There are graduate chapters at Philadelphia, Indianapolis, Baltimore, and Pittsburg.

The first meeting of the Grand Arch Conncil, as the general convention of the fraternity is called, was held in Washington in 1856, and since that time it has met regularly every three years. At the outbreak of the Rebellion in 1861, eight of the ehapters in Virginia, Mississippi, South Carolina, and Tennessee became extinct, five of which were subsequently reorganized. In 1853 propositions were made by Delta Phi that the two fraternities unite, but without result. The council which met in Pittsburg in 1865 formulated the policy which has since governed the fraternity, and its extension from that date has been rapid.

The Pennsylvania Delta was consolidated with the Alpha when the colleges were united. South Carolina Alpha died a natural death from the decadence of the college. Mississippi Alpha and Beta, and Tennessee Alpha were not reorganized in 1863. Tennessee Beta has become defunct from lack of members. Kentncky Alpha, Illinois Gamma, and Wisconsin Beta have been killed by anti-fraternity laws. Illinois Beta, New York Alpha, and New York Gamma were killed by internal dissensions. Iowa Gamma was withdrawn. Tennessee Gamma became extinct with the university. New York Beta was to have been established at Syracuse University, hut no active steps were taken in the matter. Iowa Beta was likewise never established. The living chapters are generally in a good condition, except those in Indiana.

The government is carried on by means of the Grand Arch Council, composed of three delegates from each chapter, one of whom must be a graduate. A Grand Chapter is appointed to act as the executive during the recess of the G. A. C., and the Alpha Chapter of each State has jurisdiction in its own territory. Pennsylvania Theta is now the Grand Chapter. The fraternity claims to exercise the usual functions of the Greek-Letter fraternities, hut insists on a large literary element in its exercises. The catalogue has been issued several times, and an edition is now in press. In 1875 the fraternity began the publication of a monthly journal called the “Phi Kappa Psi Monthly”; in 1877 it was changed to a quarterly. It contains the usual matter in such periodicals. A songbook is now in press, and the “Phi Kappa Psi Grand March” was pub1ished some years since.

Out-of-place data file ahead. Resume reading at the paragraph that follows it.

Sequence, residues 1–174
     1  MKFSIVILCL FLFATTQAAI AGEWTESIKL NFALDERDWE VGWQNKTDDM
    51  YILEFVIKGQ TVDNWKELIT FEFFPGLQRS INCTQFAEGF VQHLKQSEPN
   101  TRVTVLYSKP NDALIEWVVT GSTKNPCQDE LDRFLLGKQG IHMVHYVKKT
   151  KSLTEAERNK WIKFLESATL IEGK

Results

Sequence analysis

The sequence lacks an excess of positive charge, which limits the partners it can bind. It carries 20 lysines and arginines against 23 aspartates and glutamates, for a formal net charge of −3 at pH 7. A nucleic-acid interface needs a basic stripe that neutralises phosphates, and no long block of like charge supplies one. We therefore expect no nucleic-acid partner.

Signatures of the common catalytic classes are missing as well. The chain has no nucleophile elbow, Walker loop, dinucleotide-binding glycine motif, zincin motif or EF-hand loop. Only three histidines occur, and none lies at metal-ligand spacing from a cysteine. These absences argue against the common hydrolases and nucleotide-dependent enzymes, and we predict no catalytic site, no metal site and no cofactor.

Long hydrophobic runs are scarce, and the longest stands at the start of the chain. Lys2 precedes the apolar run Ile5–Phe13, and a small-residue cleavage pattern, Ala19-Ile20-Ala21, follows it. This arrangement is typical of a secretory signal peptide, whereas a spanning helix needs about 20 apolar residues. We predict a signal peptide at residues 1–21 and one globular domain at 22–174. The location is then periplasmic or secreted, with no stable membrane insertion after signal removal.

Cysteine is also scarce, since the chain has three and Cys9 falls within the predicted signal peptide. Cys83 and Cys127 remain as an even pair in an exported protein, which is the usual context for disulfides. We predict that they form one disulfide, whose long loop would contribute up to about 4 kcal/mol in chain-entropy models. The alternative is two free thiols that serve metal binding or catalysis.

Honorary members are admitted by some of the chapters, and among them are the late Charles Sumner, Carl Schurz, Burdette, of the “Burlington Hawkeye,” etc. Among the eminent graduate members are Hon. C. P. T. Moore, Judge, West Virginia; Hon. Geo. A. Jenks, ex-M.C.; Brig.-Gen. Henry H. Bingham, U.S.V.; Rev. S. J. Nichol1s, of St. Louis; Hon. Jas. A. Walker, Maj.-Gen. C.B.A.; Ron. Boyd Winchester, of Kentucky; Hon. Jas. W. Phillips, Judge Missouri Supreme Court; Rev. Robert Lowry, musical composer; Hon. Geo. P. Wilson, of Minnesota; W111. S. Shallenbarger, M.C.; Brig.-Gen. John P. Jones, U.S.V., and Rev. F. F. Hoyt, editor “Western Christian Advocate.”

The original badge was a monogram of the letters “ΦΨ”; this was discarded in 1854, and the present one adopted. This latter is a shield of gold, displaying at the top an eye, on each side of which is a star; about the middle are the letters “ΦΚΨ,” and beneath is an antique lamp. The recognized fraternity color is blue.

The whole number of members is now 3200.